chain that updates the visibles given the hiddens and then updates the hiddens

given the visibles. If we run that chain long enough, we'll

get a sample from the joint distribution of v and h.

And so the weights clearly also define the joint distribution.

They also define the joint distribution more directly in terms of E to the minus

the energy, but for nets with a large number of

units, we can't compute that. If you take the joint distribution,

p(v|h), and you just ignore v, we now a distribution for h.

That's the prior distribution over h, defined by this restricted Boltzmann

machine. And similarly, if we ignore h, we have

the prior distribution over v, defined by the restricted Boltzmann machine.

And now, we're going to pick a rather surprising pair of distributions from

those four distributions. We're going to define the probability

that the restricted Boltzmann machine assigns to a visible vector v as the sum

over all hidden vectors of the probability it assigns to h times the

probability of v given h. This seems like a silly thing to do,

because defining p(h) is just as hard as defining p(v).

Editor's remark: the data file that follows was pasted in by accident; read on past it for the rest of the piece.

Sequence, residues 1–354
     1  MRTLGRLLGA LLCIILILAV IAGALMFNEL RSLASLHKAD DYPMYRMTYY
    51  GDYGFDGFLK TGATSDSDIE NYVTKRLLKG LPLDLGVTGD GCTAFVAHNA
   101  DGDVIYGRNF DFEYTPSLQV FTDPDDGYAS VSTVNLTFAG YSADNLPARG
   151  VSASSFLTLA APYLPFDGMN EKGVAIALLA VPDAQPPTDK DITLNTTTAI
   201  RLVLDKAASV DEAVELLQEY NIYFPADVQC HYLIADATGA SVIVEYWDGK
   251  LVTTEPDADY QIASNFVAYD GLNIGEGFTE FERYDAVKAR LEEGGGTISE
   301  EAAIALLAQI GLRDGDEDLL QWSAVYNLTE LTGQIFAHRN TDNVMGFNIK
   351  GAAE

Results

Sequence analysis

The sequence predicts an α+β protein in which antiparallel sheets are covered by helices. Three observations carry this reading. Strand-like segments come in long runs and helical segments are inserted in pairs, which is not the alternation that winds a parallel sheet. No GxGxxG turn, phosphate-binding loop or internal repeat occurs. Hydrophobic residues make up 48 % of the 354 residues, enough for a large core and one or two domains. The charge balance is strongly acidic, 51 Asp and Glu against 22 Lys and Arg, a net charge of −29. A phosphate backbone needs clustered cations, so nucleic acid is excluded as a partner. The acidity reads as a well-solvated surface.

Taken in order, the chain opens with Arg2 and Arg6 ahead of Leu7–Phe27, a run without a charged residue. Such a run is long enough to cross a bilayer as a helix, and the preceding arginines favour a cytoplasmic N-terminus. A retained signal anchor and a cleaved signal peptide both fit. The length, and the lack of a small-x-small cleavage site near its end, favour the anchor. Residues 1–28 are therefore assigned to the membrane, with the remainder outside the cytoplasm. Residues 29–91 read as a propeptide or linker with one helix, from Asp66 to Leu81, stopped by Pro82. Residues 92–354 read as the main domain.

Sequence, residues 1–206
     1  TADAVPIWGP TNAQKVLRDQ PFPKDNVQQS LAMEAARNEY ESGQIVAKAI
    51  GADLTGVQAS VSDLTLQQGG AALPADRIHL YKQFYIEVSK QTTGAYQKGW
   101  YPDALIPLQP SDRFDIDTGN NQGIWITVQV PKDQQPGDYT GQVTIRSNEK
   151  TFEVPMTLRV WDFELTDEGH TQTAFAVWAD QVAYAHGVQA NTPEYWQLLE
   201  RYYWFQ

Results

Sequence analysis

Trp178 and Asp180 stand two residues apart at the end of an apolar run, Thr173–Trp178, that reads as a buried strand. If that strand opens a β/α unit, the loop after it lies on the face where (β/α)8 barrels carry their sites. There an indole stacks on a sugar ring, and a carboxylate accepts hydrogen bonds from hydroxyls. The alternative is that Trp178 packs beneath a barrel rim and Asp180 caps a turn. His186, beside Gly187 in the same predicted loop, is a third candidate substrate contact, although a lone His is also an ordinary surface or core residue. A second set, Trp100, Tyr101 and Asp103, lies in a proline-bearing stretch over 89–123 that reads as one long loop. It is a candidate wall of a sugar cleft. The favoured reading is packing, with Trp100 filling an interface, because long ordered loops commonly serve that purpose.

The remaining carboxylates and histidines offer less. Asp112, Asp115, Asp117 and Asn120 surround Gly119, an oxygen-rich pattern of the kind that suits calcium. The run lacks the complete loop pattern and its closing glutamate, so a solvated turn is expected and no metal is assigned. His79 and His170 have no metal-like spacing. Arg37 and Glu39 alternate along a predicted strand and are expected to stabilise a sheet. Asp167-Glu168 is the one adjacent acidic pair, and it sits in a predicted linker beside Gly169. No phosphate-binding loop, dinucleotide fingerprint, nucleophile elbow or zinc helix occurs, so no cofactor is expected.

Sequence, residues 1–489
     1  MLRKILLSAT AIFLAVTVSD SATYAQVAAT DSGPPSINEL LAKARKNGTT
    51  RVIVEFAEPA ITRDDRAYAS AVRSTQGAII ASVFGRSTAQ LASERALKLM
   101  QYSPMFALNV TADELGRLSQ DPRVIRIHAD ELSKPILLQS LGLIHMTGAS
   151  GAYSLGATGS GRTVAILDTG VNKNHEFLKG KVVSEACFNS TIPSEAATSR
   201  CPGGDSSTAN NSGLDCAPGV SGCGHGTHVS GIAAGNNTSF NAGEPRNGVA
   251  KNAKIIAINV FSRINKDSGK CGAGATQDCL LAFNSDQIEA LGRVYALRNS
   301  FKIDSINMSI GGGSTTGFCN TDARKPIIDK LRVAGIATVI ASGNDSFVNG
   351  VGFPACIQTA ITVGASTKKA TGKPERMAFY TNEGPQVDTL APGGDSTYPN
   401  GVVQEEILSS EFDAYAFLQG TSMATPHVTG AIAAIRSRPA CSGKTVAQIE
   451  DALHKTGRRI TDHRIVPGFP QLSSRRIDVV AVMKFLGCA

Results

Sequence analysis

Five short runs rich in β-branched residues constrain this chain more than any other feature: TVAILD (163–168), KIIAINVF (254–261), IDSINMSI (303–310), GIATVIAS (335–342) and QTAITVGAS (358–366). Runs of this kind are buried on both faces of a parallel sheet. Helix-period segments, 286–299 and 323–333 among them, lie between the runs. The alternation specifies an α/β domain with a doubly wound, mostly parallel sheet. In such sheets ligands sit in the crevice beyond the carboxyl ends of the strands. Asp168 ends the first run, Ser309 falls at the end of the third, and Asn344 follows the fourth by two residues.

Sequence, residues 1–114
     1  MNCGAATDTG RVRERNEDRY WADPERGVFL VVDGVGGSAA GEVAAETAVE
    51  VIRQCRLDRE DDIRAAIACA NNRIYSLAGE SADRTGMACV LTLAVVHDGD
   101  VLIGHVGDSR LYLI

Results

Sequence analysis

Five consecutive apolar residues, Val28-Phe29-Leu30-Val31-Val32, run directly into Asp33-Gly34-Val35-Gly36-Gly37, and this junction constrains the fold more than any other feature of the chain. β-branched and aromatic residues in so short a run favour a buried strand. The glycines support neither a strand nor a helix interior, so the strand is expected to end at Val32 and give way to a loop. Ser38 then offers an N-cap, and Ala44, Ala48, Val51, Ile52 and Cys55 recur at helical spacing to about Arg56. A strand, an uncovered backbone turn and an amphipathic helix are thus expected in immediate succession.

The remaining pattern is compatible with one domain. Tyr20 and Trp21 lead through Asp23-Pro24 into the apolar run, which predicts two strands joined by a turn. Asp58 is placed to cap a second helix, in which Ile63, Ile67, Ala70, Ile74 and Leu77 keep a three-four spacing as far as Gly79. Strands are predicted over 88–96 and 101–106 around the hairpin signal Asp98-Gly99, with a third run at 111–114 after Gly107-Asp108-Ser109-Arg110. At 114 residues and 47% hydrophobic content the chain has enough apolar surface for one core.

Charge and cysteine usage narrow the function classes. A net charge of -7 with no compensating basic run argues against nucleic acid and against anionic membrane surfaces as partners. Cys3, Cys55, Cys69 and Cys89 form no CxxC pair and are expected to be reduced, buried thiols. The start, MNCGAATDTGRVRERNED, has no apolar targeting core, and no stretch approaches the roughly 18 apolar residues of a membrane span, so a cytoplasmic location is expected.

And nevertheless, we're going to define p(v) that way.

Now, if we now leave p(v|h) alone, but learn a better model of p(h),

that is, learn some new parameters that give us a better model of p(h) and

substitute that in instead of the old model we had of p(h).

We'll actually improve our model of v. And what we mean by a better model of

p(h) is a prior over h that fits the aggregated posterior better.

The aggregated posterior is the average over all vectors in the training set of

the posterior distribution over h. So, what we're going to do, is use our

first RBM to get this aggregated posterior and then use our second RBM to

build a better model of this aggregated posterior than the first RBM has.

And if we start the second RBM off as the first one upside down, it will start with

the same model of the aggregated posterior as the first RBM has.

And then, if we change the weights we can only make things better.

So, that's an explanation of what's happening when we stack up RBMs.

Once we've learned to stack up Boltzmann machines, then combine them together to

make a deep belief net, we can then actually fine-tune the whole

composite model using a variation of the wake-sleep algorithm.

So we first learn many layers of features by stacking up IBMs.

And then we want to fine-tune both the bottom-up recognition weights and the

top-down generative weights to get a better generative model and we can do

this by using three different learning routes.

First, we do a stochastic bottom-up pass, and we adjust the top down generative

weights of the lower layers to be good at reconstructing the feature activities in

the layer below. That's just as in the standard wake-sleep

algorithm Then, in the top level RBM, we go backwards and forwards a few times,

sampling the hiddens of that RBM, and the visibles of that RBM, and the hiddens of

the RBM, and so on. So that's just like the learning